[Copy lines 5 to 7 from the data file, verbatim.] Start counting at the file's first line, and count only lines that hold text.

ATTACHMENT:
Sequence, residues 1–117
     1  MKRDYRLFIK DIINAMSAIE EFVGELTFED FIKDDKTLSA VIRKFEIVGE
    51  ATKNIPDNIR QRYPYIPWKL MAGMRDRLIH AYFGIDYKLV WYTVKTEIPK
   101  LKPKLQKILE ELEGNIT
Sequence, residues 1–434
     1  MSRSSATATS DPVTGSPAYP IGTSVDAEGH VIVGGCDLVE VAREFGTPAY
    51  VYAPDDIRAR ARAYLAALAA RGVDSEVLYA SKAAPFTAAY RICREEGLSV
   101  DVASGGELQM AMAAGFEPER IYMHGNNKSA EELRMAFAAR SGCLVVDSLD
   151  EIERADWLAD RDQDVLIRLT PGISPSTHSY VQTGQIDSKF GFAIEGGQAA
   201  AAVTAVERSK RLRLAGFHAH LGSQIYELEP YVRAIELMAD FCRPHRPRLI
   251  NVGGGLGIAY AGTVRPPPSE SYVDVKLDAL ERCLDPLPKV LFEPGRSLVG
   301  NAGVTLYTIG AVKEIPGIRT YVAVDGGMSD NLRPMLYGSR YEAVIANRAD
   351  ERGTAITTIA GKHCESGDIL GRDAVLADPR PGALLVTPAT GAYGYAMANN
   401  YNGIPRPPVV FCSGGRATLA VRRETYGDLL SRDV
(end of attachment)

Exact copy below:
Sequence, residues 1–434
     1  MSRSSATATS DPVTGSPAYP IGTSVDAEGH VIVGGCDLVE VAREFGTPAY
    51  VYAPDDIRAR ARAYLAALAA RGVDSEVLYA SKAAPFTAAY RICREEGLSV